‘And the papers?’
‘If not destroyed, are in his possession.’
’Then I can obtain them, although he has had, as he thinks, all the subterranean passages stopped up, yet there remains one, by which I can penetrate to his very bed-room unseen, although a stout man could not.’ The seaman mused. ’It would be dangerous. Your uncle is a brave man, and powerful. If he awoke—and such consciences must be bad sleeping companions, you would be sacrificed.’
’I fear not—for vengeance on my mother’s murderer I would dare anything.’
’It must not be, young man. You have a sacred duty to perform, more binding far than vengeance, which is the Lord’s alone. You have to heal the sorrows of those who will be in a great measure dependent upon you to redress the wrongs of years of oppression, to be a father to the tenants of your wide domain, and your life must not be idly risked.’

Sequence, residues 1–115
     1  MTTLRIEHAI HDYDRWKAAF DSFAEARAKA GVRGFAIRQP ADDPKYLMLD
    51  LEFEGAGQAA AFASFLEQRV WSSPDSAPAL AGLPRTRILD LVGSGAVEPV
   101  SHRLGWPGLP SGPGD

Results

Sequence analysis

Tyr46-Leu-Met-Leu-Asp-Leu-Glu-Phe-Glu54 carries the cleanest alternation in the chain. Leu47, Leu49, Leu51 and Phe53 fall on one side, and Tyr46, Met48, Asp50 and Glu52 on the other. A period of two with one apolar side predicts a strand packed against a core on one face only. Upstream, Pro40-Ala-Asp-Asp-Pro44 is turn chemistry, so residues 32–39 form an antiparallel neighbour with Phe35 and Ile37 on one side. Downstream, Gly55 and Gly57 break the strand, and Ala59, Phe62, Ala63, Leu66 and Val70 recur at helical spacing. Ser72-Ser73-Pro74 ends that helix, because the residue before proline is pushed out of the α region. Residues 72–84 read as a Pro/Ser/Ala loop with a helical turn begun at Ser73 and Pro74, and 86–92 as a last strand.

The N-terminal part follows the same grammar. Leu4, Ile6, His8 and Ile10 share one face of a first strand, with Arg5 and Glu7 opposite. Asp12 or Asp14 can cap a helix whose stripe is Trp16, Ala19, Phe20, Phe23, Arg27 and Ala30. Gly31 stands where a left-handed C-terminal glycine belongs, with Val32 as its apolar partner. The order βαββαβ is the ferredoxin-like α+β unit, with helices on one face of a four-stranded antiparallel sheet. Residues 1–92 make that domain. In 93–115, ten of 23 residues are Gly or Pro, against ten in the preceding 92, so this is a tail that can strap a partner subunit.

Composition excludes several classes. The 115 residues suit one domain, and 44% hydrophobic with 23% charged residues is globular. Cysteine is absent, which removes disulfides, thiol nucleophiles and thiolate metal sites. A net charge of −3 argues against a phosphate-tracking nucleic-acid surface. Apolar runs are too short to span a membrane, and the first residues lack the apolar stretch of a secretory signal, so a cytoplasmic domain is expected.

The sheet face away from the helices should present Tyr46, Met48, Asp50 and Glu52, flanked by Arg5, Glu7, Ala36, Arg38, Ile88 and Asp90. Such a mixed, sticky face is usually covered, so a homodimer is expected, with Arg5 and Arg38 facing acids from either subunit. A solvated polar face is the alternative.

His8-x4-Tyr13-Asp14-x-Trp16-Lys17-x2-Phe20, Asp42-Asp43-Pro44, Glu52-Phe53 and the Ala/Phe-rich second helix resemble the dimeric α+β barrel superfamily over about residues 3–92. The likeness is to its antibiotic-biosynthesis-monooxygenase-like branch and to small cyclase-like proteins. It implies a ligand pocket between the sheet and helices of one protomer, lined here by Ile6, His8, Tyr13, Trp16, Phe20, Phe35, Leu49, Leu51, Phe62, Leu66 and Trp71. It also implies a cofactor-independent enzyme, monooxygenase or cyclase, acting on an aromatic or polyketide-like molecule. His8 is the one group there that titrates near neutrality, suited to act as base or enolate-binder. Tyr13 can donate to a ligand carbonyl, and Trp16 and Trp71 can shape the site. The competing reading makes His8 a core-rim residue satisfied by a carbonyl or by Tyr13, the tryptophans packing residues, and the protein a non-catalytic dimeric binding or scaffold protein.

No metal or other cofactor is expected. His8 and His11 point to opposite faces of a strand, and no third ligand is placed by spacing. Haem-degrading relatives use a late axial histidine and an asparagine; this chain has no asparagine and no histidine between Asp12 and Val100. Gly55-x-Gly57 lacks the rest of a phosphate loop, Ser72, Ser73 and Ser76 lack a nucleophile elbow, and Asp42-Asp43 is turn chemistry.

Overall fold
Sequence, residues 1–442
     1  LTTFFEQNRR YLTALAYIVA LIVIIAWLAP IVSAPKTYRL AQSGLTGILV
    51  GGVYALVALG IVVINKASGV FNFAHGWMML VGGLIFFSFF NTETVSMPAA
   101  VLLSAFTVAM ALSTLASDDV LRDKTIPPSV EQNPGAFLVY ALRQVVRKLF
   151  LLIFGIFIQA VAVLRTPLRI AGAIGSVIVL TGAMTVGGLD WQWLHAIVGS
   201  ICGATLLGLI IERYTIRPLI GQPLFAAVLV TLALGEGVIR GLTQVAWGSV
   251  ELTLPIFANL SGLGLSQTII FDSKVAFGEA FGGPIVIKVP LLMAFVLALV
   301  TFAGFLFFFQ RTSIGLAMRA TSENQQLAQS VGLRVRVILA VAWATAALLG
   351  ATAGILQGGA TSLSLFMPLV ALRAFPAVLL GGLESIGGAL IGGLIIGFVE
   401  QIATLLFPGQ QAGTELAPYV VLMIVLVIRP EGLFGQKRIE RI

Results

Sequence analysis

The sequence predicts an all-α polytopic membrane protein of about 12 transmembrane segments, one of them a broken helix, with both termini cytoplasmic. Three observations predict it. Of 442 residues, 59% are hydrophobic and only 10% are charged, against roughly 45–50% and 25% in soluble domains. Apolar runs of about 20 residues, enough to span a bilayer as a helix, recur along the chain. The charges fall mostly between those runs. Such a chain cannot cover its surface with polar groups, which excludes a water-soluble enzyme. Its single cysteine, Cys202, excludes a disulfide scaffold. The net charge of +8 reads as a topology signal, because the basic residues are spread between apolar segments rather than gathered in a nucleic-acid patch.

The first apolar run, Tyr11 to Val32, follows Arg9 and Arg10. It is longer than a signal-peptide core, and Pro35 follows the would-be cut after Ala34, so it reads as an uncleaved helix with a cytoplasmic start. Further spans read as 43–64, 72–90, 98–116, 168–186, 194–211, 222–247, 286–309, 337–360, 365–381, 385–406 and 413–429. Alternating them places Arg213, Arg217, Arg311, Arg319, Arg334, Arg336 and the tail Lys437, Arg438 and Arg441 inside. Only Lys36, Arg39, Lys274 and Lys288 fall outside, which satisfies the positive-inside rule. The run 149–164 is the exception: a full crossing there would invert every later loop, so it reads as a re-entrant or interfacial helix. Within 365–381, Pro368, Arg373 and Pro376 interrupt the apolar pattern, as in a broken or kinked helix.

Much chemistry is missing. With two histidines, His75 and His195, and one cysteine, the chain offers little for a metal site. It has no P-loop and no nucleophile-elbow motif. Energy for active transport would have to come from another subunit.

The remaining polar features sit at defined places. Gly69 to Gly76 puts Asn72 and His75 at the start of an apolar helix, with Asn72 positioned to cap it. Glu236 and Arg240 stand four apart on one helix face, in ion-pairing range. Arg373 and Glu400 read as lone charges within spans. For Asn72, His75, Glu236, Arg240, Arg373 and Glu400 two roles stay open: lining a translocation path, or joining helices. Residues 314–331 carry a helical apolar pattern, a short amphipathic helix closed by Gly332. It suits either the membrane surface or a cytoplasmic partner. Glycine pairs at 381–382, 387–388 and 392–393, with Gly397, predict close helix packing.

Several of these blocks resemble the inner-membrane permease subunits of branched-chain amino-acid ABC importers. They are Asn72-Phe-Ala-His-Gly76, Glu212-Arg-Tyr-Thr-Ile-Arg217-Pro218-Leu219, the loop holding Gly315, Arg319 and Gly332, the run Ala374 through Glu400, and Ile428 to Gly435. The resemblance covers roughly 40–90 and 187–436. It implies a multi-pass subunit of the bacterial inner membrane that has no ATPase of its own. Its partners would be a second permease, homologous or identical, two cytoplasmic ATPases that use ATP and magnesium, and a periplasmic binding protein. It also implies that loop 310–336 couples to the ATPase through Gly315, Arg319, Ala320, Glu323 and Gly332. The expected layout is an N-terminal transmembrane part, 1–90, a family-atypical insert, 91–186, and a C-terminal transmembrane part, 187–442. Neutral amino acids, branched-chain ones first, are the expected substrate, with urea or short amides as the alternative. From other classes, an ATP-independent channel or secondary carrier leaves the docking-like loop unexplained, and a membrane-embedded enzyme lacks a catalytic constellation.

‘I have it!’ said Edward, eagerly. ’You say my father was fair-haired, and I am like my mother.’
The seaman took a miniature from his vest, and handed it to him. It contained two portraits—one of a captain in the British navy, in full uniform, his head bare, and locks of fair hair falling even over his shoulders, for he had disdained the peruke then in fashion—and that of a lady, whose dark eyes and raven ringlets told that her nativity had been the sunny south.
‘Johnson is not unlike the portrait of my father, and is a slim man,’ said Edward. ’He will readily go with me. I will personate my mother. I am confident the papers are not destroyed, for I have often seen him when he little dreamed an eye was upon him, examining some papers he keeps in a small casket on his toilet, and one in particular, a document of some length, which he has often seemed to me about to tear, but always replaced.’